Evaluating the information sharing capabilities of supply chain partners: A fuzzy logic model

Shore, B.

Venkatachalam, A. R.



International Journal of Physical Distribution and Logistics Management

Competitive advantage is often determined by the effectiveness of an organization’s supply chain, and as a result, the evaluation and selection of suppliers has become an increasingly important management activity. But the evaluation process is complex. The data that must be considered are both technical and social/organizational. Much of the data are difficult to obtain and ambiguous or vague to interpret. In addition, the dynamic global environment of changing exchange rates, economic conditions, and technical infrastructure, demand that the pool of potential suppliers be re-evaluated periodically. Nonetheless, a rational process of evaluation must exist to select the most appropriate suppliers. This paper addresses one dimension of the evaluation process, the information sharing capability of potential supply chain partners. It is an especially important dimension since information technology is necessary to horizontally integrate geographically dispersed operations. Fuzzy logic, a subset of artificial intelligence, together with analytical hierarchy process is used to model this process and rank potential suppliers. It is an appropriate methodology to use for this application and has the potential to be used with other supply chain design decisions since it explicitly handles vague, ambiguous, and imprecise data.

(Shore & Venkatachalam, 2003)


Fuzzy logic in manufacturing: A review of literature and a specialized application

Azadegan, A.

Porobic, L.

Ghazinoory, S.

Samouei, P.

Saman Kheirkhah, A.



International Journal of Production Economics

Manufacturing decisions inherently face uncertainties and imprecision. Fuzzy logic, and tools based on fuzzy logic, allow for the inclusion of uncertainties and imperfect information in decision making models, making them well suited for manufacturing decisions. In this study, we first review the progression in the use of fuzzy tools in tackling different manufacturing issues during the past two decades. We then apply fuzzy linear programming to a less emphasized, but important issue in manufacturing, namely that of product mix prioritization. The proposed algorithm, based on linear programming with fuzzy constraints and integer variables, provides several advantages to existing algorithm as it carries increased ease in understanding, in use, and provides flexibility in its application.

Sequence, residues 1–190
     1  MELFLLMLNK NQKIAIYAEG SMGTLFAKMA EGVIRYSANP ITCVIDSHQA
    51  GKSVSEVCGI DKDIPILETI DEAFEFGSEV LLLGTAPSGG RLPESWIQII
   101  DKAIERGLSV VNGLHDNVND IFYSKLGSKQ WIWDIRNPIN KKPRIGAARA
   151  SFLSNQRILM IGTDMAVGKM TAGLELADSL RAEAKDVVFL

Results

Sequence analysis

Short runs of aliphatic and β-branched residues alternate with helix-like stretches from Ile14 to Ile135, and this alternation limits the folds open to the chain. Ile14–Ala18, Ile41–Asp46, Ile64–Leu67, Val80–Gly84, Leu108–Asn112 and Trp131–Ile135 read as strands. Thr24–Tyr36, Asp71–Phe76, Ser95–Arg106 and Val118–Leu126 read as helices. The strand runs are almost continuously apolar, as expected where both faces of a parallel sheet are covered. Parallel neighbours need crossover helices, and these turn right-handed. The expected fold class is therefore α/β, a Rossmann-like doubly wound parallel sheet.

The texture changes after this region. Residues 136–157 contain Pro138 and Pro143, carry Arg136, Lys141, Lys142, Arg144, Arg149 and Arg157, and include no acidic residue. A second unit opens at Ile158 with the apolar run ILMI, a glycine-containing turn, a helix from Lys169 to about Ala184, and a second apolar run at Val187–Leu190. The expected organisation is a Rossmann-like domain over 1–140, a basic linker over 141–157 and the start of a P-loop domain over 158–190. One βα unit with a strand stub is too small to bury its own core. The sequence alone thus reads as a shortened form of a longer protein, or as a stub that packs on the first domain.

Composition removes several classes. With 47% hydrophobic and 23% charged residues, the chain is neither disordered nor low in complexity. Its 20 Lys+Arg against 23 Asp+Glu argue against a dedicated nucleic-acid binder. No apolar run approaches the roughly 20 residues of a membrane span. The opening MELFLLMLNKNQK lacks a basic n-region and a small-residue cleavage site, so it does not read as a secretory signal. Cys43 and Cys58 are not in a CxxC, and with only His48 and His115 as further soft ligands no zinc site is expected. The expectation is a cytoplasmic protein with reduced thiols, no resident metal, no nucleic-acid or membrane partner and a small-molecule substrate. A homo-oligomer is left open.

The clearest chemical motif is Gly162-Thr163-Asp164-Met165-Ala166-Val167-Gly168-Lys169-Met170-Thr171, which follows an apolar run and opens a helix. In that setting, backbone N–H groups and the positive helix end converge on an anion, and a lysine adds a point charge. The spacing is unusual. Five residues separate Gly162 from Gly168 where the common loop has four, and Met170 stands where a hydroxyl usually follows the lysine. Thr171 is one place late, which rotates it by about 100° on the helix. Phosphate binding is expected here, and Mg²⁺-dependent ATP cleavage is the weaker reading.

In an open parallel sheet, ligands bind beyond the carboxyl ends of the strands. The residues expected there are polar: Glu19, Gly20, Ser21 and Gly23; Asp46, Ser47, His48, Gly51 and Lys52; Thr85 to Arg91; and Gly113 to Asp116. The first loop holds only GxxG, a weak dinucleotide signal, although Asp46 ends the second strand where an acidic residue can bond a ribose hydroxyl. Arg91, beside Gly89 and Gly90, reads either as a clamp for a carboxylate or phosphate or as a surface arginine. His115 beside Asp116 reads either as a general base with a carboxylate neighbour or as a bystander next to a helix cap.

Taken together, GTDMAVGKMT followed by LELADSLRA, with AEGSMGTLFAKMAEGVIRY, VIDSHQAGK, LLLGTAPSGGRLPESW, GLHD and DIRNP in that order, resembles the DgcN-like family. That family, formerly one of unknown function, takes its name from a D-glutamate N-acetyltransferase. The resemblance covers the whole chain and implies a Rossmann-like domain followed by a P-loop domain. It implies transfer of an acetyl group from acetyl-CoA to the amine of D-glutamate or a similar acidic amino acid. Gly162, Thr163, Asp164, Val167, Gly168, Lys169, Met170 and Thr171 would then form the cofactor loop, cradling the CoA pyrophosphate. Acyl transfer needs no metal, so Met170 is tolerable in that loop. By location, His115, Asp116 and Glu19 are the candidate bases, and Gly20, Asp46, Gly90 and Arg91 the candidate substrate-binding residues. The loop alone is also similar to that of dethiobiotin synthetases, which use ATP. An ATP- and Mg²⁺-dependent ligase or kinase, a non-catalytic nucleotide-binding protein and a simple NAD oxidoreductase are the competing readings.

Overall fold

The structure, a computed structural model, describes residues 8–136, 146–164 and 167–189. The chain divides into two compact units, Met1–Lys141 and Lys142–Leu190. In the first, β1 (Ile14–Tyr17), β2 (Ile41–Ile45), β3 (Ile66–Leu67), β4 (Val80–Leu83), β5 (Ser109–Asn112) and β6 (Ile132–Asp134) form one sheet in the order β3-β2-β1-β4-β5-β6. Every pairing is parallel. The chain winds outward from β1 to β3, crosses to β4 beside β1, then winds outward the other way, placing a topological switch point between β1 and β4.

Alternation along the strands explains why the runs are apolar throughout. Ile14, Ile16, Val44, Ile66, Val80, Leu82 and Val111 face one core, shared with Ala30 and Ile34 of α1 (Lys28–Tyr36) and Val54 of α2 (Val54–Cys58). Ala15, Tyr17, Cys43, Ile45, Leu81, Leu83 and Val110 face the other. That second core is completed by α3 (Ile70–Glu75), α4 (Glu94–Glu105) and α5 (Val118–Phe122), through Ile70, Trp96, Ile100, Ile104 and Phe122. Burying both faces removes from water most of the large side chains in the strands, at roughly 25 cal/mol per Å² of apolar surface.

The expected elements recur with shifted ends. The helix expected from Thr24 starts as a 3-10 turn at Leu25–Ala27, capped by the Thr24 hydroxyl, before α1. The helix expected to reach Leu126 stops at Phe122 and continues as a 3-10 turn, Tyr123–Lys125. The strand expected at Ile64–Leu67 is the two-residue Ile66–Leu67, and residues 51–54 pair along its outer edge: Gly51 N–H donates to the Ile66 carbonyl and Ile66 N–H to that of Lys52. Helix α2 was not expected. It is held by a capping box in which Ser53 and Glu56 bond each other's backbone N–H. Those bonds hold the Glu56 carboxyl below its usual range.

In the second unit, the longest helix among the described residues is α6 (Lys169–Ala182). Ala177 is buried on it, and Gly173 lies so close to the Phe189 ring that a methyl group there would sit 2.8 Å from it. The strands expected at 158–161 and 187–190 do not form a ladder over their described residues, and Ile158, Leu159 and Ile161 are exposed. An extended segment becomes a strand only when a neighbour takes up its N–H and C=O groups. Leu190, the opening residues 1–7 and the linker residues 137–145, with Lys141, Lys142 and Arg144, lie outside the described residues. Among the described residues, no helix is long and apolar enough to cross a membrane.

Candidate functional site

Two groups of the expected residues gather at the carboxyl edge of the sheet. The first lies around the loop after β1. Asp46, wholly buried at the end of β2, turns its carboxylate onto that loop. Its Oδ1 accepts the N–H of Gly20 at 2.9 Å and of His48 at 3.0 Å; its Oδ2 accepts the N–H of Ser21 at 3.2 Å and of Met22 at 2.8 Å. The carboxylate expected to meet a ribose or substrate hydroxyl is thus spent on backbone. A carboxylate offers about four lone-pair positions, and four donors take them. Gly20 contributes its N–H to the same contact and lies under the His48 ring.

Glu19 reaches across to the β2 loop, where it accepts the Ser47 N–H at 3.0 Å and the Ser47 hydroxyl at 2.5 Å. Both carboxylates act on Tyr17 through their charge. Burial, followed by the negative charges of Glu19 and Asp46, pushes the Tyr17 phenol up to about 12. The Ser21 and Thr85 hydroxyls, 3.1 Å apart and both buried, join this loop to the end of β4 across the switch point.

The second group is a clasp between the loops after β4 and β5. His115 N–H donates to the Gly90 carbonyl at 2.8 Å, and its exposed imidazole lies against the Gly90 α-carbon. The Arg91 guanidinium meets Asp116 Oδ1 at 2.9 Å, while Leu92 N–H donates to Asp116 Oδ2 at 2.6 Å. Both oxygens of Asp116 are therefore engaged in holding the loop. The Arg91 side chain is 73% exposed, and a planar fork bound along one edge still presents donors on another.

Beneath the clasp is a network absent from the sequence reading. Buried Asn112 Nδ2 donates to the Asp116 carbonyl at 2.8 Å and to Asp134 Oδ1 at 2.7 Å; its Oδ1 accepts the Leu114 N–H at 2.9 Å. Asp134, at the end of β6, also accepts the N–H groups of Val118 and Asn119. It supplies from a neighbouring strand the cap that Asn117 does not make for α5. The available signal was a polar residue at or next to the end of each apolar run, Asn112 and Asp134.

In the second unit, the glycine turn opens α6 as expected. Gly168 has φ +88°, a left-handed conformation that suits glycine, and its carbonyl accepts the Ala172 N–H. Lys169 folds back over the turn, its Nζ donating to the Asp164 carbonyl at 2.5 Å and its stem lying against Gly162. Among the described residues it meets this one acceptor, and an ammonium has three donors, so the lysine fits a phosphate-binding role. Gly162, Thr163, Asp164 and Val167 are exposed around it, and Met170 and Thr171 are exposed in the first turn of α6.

(Azadegan, Porobic, Ghazinoory, Samouei, & Saman Kheirkhah, 2011)


An interactive multi-user decision support system for consensus reaching processes using fuzzy logic with linguistic quantifiers

Fedrizzi, M.

Kacprzyk, J.

Zadrozny, S. a



Decision Support Systems

We present an interactive user-friendly microcomputer-based decision support system for consensus reaching processes. The point of departure is a group of individuals (experts, decision makers …) who present their testimonies (opinions) in the form of individual fuzzy preference relations. Initially, these opinions are usually quite different, i.e., the group is far from consensus. Then, in a multistage session a moderator, who is supervising the session, tries to make the individuals change their testimonies by, e.g., rational argument, bargaining, etc. to eventually get closer to consensus. For gauging and monitoring the process a new “soft” degree (measure) of consensus is used whose essence is the determination to what degree, e.g., “most of the individuals agree as to almost all of the relevant options”. A fuzzy-logic-based calculus of linguistically quantified propositions is employed.

(Fedrizzi, Kacprzyk, & Zadrozny, 1988)